Thursday, 29 October 2015

Postcolonial silencing, intellectuals, and the state: Views from Eritrea

Postcolonial silencing, intellectuals, and the state: Views from Eritrea 

an interesting 2000 article by Peter Schmidt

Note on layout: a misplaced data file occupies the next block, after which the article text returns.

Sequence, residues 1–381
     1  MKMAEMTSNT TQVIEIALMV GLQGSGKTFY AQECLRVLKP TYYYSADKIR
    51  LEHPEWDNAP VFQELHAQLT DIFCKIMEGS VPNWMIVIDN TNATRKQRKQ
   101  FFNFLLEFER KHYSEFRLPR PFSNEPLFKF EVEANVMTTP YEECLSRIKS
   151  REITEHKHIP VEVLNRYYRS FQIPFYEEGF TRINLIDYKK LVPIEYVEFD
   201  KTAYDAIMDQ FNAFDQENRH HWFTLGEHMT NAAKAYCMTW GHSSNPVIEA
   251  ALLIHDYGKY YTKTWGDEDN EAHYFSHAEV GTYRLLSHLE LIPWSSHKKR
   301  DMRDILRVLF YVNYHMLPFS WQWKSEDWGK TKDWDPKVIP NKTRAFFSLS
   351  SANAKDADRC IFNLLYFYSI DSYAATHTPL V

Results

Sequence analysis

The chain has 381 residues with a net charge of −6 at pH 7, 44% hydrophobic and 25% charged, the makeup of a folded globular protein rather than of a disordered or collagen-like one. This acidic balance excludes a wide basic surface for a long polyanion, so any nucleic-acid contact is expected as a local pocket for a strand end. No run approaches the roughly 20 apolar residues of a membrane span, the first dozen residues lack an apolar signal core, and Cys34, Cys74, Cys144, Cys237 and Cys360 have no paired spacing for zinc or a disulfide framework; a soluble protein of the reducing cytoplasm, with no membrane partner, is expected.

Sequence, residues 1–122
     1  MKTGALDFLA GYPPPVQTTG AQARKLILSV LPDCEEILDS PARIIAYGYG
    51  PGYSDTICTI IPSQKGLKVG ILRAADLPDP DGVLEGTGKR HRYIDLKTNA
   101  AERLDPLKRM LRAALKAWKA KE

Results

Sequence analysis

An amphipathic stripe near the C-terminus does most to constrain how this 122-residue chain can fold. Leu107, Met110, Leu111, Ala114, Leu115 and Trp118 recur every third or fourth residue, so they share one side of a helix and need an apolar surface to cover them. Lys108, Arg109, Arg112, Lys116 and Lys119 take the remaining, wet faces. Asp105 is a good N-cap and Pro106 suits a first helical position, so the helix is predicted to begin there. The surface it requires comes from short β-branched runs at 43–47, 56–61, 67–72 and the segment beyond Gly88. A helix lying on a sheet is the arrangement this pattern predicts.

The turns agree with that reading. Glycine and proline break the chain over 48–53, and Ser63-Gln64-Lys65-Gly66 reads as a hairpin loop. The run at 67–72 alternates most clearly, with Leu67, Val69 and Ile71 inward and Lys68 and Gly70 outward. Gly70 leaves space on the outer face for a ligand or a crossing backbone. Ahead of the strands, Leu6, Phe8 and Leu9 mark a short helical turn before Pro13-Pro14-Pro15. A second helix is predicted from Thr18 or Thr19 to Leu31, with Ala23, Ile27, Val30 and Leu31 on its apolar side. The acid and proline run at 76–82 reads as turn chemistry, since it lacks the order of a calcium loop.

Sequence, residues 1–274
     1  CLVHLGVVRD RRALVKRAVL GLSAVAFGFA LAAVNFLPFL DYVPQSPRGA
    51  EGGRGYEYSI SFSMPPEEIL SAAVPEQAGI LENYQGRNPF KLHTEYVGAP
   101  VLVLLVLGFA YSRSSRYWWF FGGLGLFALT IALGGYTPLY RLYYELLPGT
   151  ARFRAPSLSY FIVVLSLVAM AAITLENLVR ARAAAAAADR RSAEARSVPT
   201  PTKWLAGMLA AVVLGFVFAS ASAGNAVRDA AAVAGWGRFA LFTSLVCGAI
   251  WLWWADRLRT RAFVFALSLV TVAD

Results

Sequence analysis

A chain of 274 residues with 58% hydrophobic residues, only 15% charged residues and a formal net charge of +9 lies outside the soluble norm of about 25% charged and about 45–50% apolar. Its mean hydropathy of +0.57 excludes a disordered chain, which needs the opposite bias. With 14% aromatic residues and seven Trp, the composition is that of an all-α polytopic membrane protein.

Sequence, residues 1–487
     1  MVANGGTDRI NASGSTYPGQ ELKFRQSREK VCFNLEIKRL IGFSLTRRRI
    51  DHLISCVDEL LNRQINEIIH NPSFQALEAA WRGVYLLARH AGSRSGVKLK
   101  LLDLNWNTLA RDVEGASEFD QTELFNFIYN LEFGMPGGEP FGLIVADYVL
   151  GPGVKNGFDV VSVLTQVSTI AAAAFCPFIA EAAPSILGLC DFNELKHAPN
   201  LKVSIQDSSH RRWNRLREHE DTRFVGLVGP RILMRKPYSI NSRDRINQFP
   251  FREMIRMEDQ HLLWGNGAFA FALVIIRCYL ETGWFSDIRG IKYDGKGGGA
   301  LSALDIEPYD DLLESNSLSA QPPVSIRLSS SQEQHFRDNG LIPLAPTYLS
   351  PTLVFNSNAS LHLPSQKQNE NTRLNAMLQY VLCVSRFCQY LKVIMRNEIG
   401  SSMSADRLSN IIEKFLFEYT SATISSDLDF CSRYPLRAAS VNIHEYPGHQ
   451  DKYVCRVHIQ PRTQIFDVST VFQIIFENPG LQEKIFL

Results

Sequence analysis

In the immediate post-liberation period, Eritrean intellectuals, with the concurrence of the state, showed deep interest in developing archaeological studies and an enhanced capacity to manage heritage resources.Through a focus on the National Museum, this article investigates the ensuing struggles for the control of history and heritage in Eritrea. Originally an initiative of ex-fighters who rendered liberation history in artistic form, the National Museum later came under the authority of the University of Asmara. While other museums involving those who survived displacement and conflict, such as the District Six Museum in Cape Town, often contest the expert authority of intellectuals and invite public participation, the National Museum became an instrument of the state that suppressed public participation. The struggle between the National Museum and the University provides penetrating insights into state hostility towards intellectuals and containment of public education using the media of archaeology and heritage studies, a conflict that prefigured state/university conflicts leading to the dismantling of the University of Asmara

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